RuckZuck.exe was downloaded 15'629 times in 2019 from https://github.com/rzander/ruckzuck. In 2018 it was 10'926, a light grow, but these numbers depends on the number of published releases ( we had 11 Releases in 2019 ).
An interesting number is the total downloads from GitHub in 2019: 200'293 downloads !!!
It seems that RuckZuck.exe no not the most popular File, it's the RuckZuck Provider for OneGet (179'295 downloads). The OneGet Provider is part of Device Commander, a cloud based client management solution, which indicates that RuckZuck is also used in Enterprise environments... and/or someone had a download loop as the high download numbers where only in Feb/March 2019..
The Repository includes 511 current Packages or 2'829 Packages, if we also count older Versions.
To evaluate product updates, there is a Mapping-Table with 65'957 Software-Items.
113'827 Software Packages where downloaded from RuckZuck. The Success/Failure ratio is weird as we had 161'151 Success and 117'770 Failures. Some Packages, like a Version of JavaRuntime, had 1'668 Downloads but 39'775 Failures. These numbers do not reflect the full Year as the RuckZuck Back-end was updated in July/August and I only have the numbers from the new Infrastructure...
Please: If you automate Software-Distribution with RuckZuck, keep an eye on your Success/Failure ratio and do not bomb RuckZuck with thousands of Requests... If a Package failed 10 times in series it will also fail the next 100 times...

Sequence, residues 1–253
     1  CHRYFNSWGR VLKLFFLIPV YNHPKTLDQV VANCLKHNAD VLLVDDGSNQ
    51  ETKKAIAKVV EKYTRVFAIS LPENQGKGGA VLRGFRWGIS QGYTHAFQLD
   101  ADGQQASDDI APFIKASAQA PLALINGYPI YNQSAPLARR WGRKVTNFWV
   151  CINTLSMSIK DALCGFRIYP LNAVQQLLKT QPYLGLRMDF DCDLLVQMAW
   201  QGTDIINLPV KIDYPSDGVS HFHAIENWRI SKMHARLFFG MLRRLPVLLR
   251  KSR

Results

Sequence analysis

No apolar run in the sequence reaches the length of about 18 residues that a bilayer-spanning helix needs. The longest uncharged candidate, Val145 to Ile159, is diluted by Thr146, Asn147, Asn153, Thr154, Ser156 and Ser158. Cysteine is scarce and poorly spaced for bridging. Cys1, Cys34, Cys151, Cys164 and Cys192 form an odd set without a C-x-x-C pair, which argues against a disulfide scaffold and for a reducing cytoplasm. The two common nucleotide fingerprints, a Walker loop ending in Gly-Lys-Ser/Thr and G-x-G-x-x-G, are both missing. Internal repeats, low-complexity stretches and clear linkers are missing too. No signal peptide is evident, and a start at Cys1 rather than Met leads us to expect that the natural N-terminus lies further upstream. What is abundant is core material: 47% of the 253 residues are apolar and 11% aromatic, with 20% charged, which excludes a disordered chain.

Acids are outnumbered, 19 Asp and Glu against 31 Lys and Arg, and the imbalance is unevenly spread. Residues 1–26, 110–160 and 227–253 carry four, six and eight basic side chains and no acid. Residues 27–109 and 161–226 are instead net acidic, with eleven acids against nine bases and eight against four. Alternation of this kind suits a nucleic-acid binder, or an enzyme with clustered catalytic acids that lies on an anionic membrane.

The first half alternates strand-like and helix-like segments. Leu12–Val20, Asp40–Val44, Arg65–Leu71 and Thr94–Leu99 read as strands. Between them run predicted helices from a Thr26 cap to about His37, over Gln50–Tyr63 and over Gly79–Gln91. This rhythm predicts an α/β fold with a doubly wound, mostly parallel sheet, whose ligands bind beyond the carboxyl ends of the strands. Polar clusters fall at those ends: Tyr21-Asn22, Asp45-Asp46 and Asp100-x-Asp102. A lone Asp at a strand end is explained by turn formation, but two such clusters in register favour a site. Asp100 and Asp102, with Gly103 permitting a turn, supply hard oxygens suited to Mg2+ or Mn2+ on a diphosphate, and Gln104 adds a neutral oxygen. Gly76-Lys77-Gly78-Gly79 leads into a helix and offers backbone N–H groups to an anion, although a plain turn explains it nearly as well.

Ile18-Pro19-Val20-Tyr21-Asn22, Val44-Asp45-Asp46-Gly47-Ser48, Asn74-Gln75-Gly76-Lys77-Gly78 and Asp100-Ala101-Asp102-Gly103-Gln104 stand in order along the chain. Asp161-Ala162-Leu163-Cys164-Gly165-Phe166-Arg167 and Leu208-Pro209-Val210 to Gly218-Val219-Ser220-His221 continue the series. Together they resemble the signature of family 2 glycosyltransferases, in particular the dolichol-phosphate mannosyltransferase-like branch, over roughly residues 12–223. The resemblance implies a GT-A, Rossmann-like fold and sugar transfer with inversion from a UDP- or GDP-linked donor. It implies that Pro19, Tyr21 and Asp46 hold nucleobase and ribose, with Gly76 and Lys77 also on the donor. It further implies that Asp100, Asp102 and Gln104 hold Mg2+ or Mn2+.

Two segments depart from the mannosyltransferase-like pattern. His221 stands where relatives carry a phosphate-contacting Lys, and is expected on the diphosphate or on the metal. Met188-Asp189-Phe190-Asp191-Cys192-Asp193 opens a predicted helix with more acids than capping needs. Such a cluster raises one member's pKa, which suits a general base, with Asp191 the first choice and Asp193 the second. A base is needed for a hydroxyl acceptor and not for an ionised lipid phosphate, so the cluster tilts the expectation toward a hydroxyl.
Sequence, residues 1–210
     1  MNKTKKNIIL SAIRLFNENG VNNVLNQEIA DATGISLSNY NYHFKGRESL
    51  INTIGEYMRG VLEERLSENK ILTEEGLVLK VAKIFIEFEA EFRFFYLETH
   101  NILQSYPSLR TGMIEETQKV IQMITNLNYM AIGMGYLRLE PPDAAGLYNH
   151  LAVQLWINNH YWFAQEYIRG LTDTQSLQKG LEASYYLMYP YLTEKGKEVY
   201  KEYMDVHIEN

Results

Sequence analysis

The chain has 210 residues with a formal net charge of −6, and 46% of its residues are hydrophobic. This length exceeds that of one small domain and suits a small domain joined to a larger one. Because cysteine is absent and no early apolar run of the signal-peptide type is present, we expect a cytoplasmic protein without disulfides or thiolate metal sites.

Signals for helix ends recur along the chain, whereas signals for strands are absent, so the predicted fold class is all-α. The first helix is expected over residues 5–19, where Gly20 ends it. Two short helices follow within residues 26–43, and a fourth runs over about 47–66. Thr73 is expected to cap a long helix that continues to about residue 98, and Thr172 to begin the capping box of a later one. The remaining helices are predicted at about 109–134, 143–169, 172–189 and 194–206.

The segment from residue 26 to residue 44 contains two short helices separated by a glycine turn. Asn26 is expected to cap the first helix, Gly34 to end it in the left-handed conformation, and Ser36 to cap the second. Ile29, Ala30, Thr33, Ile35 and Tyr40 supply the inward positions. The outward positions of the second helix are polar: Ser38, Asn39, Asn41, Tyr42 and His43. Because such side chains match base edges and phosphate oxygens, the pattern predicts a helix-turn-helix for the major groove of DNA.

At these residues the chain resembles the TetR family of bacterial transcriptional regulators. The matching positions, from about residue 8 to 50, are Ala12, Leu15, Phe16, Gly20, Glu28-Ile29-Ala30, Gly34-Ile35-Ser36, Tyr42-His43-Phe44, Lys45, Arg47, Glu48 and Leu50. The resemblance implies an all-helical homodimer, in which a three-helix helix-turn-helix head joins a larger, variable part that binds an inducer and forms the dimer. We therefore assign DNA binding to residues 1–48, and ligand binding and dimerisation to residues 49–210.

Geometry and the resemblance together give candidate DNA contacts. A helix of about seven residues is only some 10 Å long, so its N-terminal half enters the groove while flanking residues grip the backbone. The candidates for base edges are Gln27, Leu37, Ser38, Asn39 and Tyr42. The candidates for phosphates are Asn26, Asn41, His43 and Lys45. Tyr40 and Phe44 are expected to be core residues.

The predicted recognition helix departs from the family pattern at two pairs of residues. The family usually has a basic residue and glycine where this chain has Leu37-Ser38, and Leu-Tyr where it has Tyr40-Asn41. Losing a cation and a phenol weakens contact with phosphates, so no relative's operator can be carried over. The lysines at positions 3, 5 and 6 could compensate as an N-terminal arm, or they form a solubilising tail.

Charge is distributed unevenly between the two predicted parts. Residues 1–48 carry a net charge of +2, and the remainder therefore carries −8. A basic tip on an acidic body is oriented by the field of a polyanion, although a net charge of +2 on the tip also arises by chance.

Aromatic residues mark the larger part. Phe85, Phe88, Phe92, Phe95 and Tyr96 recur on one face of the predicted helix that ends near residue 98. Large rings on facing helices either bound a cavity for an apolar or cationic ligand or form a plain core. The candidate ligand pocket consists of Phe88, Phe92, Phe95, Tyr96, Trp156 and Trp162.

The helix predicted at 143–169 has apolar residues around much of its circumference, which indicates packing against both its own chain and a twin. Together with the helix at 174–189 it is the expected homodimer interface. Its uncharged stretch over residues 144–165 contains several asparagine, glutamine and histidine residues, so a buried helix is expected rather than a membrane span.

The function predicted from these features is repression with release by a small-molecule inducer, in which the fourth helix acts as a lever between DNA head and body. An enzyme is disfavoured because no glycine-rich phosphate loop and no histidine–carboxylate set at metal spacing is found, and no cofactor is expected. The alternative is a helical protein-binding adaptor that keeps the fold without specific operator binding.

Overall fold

Otherwise your IP can be blocked for a while.
Failures are important to identify broken links. Every failure will trigger an installation in a Sandbox to verify if it's a false positive or not. If you want to support this project by verifying failures, you can run a Test-Bot in a Win10 Sandbox
Since August 2019, 1'382 Packages where created. That's an average of ~9 Packages/Day... Thanks to all the contributors, who support this project by reporting Issues or creating Packages !!!
If I compare the usage of Packages, I can say that 20% of the Packages are used 80% of time... In other words, 80% of the work is only for 20% of the clients. As more and more enterprise customers are using RuckZuck it will become even more... I think 500 Packages in the Repository is manageable number, I do not have interests to have every little Software in this Repo. That's why I will also drop Products if there are not used...
The Infrastructure of RuckZuck has changed completely since 2018:
- Redis cache removed
- SQL removed
- no RuckZuck Account DB (..nothing can leak -> GDPR)
- Repository uploads are anonymous. You can enter your email address on the Author attribute if you want some feedback, but this Attribute is removed during approval.
- Azure Blob/Table storage for the Repository
- support for OnPrem RuckZuck Servers acting as Proxy and/or for local Repositories
- Content Delivery Network (CDN) for global caching of Metadata and..
- some Packages are already using RuckZuck CDN to distribute the binaries. Reasons can be:
- Vendor removed Product or Web-Site closed, but Product-Updates are still important
- Vendor Web Site has very poor performance
- Vendor does block non-interactive downloads but the license allows redistribution
- SignalR for real-time messages on the Web-Site (Service Bus is still there... )
- Azure Functions to side load some work
- Azure Log Analytics for monitoring
- Server REST API is now running on .NET Core 3.1 -> try the latest Docker Image if you want to cache the packages OnPrem..
Back-End activity example (one hour):
I've found two Sponsors to cover the costs for the Infrastructure. Thanks to itnetX and baseVISION to keep this thing running!
Let's look forward and see what happens in 2020 ....